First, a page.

Message for 2nd Sunday After The Epiphany
Brothers and Sisters,
John begins his Gospel with the famous prologue, the appearance of the Baptist, and the calling of Jesus’ first disciples.
His baptism is not actually related by the evangelist, but rather told in third person by the Baptist. The calling of the first disciples is narrated and in much more detail. The miracle at Cana is Jesus’ first public event at which something miraculous occurs. John even points out to his reader the significance of the miracle.
Cana is not in Judea. It is in Galilee. Galilee was known for its thieves, rebels, and Gentiles. Herod the Great had to clear the area of brigands twice in his life. It was in Gentile territory that Jesus made his adult home and performed his first miracle in the Gospel of John. From the very beginning therefore, Jesus is portrayed as a trans-national figure in the Gospel. His life and work go beyond the boundaries of race and nation.
This is a private miracle, subdued and quiet. It is not some flashy show of divine power. Only a few people, including the reader, know what actually happened. Jesus was even reluctant to do anything at the event. It was not meant to happen, but the persistence of his mother led him to perform what has become one of the most famous of his miracles.
The hosts ran out of wine. The wedding celebration would have ended if there was nothing to drink. Mary mentions this to her son and he replies with a sentence that has puzzled scholars. Is it a rebuke? Is it a mild objection? Is Jesus being rude? If so, his mother doesn’t seem perturbed by it and tells the servants to do whatever he tells them. She was always a woman of faith who believed in her son.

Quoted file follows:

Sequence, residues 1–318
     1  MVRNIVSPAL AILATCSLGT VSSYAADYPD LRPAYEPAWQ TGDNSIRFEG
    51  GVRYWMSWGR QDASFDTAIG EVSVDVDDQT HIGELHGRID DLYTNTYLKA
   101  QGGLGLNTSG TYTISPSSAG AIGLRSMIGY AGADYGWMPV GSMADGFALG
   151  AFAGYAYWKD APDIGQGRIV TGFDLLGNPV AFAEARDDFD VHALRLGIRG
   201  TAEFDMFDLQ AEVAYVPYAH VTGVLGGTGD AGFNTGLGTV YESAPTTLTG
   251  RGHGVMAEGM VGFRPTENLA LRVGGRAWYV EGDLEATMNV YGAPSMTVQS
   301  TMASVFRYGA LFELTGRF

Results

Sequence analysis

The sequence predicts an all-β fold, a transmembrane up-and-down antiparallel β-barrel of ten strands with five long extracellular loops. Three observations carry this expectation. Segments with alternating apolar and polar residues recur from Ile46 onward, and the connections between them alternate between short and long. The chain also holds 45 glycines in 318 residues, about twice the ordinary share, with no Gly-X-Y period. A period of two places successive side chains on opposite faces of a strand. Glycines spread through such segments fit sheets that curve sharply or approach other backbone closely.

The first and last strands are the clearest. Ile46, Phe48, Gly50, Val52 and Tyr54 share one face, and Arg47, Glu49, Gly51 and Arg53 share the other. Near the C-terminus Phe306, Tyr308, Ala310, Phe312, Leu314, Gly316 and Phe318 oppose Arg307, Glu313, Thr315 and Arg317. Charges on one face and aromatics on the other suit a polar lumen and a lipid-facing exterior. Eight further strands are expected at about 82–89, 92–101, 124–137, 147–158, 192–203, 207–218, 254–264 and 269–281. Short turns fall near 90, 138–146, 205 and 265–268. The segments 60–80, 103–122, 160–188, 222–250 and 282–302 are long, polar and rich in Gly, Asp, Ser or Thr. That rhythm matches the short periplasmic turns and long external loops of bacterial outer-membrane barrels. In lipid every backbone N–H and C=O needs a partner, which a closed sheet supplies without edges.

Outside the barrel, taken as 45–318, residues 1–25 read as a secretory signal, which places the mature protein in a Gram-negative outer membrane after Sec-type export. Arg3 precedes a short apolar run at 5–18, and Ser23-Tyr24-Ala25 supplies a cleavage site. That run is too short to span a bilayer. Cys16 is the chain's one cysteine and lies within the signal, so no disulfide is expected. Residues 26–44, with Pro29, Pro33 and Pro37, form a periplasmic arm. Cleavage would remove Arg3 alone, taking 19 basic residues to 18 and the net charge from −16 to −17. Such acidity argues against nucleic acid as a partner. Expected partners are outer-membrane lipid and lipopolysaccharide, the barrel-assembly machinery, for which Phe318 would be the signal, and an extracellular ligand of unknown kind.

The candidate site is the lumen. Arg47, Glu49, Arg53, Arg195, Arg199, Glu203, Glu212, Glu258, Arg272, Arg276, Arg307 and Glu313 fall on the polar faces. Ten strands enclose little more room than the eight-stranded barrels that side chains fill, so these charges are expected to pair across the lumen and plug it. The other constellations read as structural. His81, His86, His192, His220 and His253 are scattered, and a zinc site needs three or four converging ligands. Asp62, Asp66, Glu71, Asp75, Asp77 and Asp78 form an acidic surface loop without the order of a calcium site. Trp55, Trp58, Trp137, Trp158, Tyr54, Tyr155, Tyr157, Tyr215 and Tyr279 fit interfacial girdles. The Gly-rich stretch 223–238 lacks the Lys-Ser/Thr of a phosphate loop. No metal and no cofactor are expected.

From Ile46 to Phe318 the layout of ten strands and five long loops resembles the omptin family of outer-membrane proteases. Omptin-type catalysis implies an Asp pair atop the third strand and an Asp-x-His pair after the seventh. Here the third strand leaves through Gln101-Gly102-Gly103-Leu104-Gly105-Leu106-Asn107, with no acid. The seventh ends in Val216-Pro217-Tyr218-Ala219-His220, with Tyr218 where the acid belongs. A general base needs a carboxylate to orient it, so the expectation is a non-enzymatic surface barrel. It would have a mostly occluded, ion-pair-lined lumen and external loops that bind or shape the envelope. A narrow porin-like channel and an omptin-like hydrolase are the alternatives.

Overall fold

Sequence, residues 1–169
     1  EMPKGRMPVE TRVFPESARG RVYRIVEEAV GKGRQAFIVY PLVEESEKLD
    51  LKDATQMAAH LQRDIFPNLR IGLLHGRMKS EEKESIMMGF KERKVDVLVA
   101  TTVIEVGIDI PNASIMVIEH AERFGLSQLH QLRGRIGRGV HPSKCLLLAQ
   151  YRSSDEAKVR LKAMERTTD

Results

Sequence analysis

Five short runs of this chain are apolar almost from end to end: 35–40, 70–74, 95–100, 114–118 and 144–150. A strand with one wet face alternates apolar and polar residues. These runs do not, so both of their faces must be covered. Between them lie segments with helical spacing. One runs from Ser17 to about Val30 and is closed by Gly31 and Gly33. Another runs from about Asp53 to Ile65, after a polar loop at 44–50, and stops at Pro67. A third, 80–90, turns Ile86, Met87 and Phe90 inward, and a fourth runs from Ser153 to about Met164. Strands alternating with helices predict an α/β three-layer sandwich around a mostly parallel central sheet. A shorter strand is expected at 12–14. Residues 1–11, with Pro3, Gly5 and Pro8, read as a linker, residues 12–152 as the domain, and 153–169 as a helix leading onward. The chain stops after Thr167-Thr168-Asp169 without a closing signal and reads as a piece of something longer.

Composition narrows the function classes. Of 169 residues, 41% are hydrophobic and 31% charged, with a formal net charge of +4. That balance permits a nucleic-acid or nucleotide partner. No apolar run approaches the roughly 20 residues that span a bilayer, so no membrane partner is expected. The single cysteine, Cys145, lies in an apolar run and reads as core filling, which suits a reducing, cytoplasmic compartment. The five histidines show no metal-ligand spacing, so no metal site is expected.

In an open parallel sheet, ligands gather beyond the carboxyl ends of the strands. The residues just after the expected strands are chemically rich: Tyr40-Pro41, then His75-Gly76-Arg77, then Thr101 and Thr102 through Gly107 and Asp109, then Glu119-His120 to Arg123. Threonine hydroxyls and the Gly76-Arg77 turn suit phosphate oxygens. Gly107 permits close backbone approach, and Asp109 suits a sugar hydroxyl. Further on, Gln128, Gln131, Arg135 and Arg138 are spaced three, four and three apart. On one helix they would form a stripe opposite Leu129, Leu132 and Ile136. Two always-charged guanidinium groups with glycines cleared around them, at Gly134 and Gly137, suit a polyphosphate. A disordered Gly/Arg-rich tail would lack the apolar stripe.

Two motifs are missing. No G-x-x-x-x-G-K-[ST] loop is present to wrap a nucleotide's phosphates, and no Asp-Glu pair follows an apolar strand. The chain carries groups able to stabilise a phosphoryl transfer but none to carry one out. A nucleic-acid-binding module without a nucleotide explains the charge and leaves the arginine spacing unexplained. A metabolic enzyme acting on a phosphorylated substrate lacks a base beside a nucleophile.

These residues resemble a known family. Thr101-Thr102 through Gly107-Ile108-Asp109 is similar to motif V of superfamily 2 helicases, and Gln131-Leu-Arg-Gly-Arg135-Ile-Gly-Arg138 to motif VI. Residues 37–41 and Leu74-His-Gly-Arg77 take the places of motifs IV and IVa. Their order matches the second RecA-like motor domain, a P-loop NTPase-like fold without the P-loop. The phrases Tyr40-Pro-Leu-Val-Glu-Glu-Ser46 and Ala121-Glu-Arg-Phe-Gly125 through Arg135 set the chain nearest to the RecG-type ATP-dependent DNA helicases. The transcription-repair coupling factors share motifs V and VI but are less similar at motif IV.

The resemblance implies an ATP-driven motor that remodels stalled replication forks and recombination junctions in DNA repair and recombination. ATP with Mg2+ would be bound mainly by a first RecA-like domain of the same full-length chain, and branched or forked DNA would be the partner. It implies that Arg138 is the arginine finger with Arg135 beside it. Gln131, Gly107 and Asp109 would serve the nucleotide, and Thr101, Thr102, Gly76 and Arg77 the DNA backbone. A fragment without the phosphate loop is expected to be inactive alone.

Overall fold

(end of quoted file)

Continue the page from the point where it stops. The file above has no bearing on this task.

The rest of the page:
Jesus’ hour had not yet come. His hour refers to his death, resurrection, and ascension in the Gospel of John. It was too soon for wondrous events in Jesus’ ministry. Yet, he still performs a rather large miracle. The stone jars at the wedding would have been huge containers capable of holding eighteen to twenty gallons of water each. There were six of them. Not only was there enough wine for the whole village now, it was better than what had first been served.
This quiet miracle is the manifestation of Christ’s glory. But no one actually saw it. Nor was there a thunder clap to herald the event. God’s glory is not what humans expect it to be. His glory is not for mere display, but has the purpose to fulfill his service to his creation.
In Christ, the very nature of glory is being redefined. It is glory with a silent purpose and aim, to create and maintain faith in Christ Jesus who responds to human need in ways that seem hidden and mysterious, but whose deeds are open to the eyes of faith.